2,000 “no’s” a year

Allegis Capital says no to 2,000 companies a year. Since I was on stage at TechCrunch 50 seeing a bunch of startups, I wanted to have a conversation with one of the top venture capitalists in the world. Here’s the founder of Allegis Capital, Bob Ackerman, who gives me a 34-minute rundown of his view of what’s happening in the capital markets today.

My best question? “How do you earn a no?” After all, his firm says no 2,000 times a year. His answers are fun (that part of the interview starts at about 19 minutes into the video). After the camera was off he told me the best way to earn a no is not to try at all.

If you’re thinking of starting a company you should listen to this video, it’ll help you get your plans ready so you don’t hear “no” when you ask for capital.

I also ask him why, when companies like SmugMug are doing well and haven’t taken venture funds, should I take VC at all to build my company?

Oh, and don’t miss why he turned down Akamai. That’s a hillarious story, starts at about 25 minutes into the video.

23 thoughts on “2,000 “no’s” a year

  1. The average programming job is 6 figures in California. You don’t need VC here. You just need weekends and an employee handbook that permits personal projects.

    Y Combinator has people come in from the burbs in long lost parts of US on 15k funding for a reason. Nobody local would do it.

    I guess if you have a large family to drain your cash, you can’t but you probably shouldn’t be doing a startup in that case anyhow. I always thought I would need VC, but when I moved here to CA, I realized that a normal programming job earns you just as much if not more.

  2. The average programming job is 6 figures in California. You don’t need VC here. You just need weekends and an employee handbook that permits personal projects.

    Y Combinator has people come in from the burbs in long lost parts of US on 15k funding for a reason. Nobody local would do it.

    I guess if you have a large family to drain your cash, you can’t but you probably shouldn’t be doing a startup in that case anyhow. I always thought I would need VC, but when I moved here to CA, I realized that a normal programming job earns you just as much if not more.

  3. Just ho-hum trade sales and generic Enterprise offerings…pretty horrible overall market if, those are the yes’es.

    The fail-whale resume’s speak for themselves, Gassée’s Apple hell era/Be/Palm burnouts. Lara with irrational-exuberance era SGI. Ackerman with Unisoft, and bubble-era “internet appliance iPhone” InfoGear. Weinman with Interactive Applications.

  4. Just ho-hum trade sales and generic Enterprise offerings…pretty horrible overall market if, those are the yes’es.

    The fail-whale resume’s speak for themselves, Gassée’s Apple hell era/Be/Palm burnouts. Lara with irrational-exuberance era SGI. Ackerman with Unisoft, and bubble-era “internet appliance iPhone” InfoGear. Weinman with Interactive Applications.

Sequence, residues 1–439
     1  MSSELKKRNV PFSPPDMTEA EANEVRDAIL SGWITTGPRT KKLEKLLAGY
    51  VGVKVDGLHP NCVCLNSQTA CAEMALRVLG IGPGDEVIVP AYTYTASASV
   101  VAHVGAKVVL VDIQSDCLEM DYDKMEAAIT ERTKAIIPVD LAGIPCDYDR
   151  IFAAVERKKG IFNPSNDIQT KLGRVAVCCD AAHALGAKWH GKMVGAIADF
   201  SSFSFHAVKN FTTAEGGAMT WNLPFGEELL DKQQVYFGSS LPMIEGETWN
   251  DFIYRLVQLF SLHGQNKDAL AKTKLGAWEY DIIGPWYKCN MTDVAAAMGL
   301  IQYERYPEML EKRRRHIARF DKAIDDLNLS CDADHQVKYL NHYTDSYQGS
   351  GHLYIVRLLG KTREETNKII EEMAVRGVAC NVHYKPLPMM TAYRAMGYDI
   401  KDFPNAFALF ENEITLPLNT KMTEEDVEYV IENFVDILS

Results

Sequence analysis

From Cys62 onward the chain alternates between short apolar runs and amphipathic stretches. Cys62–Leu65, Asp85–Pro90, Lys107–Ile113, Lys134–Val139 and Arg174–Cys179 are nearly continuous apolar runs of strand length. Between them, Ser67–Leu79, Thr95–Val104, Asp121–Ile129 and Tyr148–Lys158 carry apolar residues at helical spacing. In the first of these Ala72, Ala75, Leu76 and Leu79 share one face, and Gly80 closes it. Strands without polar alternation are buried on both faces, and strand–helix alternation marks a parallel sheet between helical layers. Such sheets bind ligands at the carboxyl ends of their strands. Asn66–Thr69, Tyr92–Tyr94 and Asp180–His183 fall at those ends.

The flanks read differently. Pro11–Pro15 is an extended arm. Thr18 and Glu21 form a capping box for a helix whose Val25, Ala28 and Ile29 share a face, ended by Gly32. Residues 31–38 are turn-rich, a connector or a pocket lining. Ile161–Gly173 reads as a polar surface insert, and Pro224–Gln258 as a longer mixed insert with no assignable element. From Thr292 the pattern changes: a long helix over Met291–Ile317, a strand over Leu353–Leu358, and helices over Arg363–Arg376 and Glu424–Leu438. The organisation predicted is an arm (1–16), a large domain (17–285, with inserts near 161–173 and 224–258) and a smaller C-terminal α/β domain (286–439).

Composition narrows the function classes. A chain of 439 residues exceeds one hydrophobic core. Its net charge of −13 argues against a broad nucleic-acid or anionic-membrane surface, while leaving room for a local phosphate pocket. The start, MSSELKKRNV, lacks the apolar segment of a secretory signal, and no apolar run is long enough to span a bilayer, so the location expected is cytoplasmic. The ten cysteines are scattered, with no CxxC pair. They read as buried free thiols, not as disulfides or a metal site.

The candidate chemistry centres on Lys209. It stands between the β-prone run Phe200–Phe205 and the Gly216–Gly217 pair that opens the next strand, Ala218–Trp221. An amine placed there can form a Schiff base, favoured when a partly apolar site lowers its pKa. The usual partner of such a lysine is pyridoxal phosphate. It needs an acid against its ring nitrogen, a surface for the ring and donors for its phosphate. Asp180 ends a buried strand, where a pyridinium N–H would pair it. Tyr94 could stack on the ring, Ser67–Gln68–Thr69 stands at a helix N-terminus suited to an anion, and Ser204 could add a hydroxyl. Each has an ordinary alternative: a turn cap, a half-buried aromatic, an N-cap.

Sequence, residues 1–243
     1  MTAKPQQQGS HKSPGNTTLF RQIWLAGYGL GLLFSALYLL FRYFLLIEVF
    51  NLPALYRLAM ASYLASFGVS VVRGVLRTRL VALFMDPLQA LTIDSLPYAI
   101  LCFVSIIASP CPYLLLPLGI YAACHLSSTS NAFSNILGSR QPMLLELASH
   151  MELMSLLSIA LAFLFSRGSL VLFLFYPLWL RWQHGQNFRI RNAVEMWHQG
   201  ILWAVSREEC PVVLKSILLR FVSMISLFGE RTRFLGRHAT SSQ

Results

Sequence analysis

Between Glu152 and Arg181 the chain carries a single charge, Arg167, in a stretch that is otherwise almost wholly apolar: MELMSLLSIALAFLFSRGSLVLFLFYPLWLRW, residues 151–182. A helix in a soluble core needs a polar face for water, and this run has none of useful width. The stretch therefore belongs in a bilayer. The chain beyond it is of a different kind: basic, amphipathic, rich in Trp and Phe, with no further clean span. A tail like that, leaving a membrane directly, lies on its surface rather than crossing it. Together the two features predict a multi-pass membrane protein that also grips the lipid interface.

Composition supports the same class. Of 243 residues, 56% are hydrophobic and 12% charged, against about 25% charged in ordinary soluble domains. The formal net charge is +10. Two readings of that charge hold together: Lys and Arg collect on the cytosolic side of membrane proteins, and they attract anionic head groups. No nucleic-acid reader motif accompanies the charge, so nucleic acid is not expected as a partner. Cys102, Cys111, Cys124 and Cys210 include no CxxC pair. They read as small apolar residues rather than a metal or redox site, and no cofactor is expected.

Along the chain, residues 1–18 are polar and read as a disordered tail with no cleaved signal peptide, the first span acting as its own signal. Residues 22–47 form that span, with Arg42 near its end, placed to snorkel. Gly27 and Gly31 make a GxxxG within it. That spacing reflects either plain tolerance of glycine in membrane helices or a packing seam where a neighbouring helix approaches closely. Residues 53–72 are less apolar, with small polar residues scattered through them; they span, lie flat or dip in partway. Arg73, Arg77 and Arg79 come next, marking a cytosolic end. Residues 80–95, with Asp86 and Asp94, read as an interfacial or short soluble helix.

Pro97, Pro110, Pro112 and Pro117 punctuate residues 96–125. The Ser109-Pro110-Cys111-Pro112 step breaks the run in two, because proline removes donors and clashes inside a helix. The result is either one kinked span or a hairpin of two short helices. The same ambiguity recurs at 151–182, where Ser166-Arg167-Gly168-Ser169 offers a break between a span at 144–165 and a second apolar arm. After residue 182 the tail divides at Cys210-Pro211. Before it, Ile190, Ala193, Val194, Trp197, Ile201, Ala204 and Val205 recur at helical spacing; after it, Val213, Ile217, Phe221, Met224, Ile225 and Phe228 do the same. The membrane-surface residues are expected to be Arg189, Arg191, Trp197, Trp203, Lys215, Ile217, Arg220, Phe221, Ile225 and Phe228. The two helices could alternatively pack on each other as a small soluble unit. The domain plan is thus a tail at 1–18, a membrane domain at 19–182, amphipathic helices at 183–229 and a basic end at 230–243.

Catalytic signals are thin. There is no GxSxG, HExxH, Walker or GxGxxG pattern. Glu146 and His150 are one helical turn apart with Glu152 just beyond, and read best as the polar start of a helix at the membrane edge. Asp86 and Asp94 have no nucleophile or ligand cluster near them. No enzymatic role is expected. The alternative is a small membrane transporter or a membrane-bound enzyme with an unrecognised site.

5. And the most important piece of advice is to remember that “no” jut means that nothing has changed. It isn’t necessarily a bad thing, just means you have to keep trying.

  6. And the most important piece of advice is to remember that “no” jut means that nothing has changed. It isn’t necessarily a bad thing, just means you have to keep trying.

  7. Rob, would like to follow scobleizer.tv but the podcast is a huge 270MB. (That’s big where I come from on 1.5Mbs internet and 8GB monthly limit). I want to watch on my iPhone (download to Mac then to iPhone) so it doesn’t need to be gi-freakin-normous. I can’t see anything on Fast Company TV about getting a small version.

  8. Rob, would like to follow scobleizer.tv but the podcast is a huge 270MB. (That’s big where I come from on 1.5Mbs internet and 8GB monthly limit). I want to watch on my iPhone (download to Mac then to iPhone) so it doesn’t need to be gi-freakin-normous. I can’t see anything on Fast Company TV about getting a small version.

  9. “should I take VC at all to build my company?”
    It is like getting a lover.
    If you run behind the one you want, things will go wrong.
    Just get the other one interested in you.

    The best is having revenue and profit as a startup company.
    Get customers or get enough eyeballs to become profitable.
    Then listen to the business proposition a VC has to sell to you.

  10. “should I take VC at all to build my company?”
    It is like getting a lover.
    If you run behind the one you want, things will go wrong.
    Just get the other one interested in you.

    The best is having revenue and profit as a startup company.
    Get customers or get enough eyeballs to become profitable.
    Then listen to the business proposition a VC has to sell to you.

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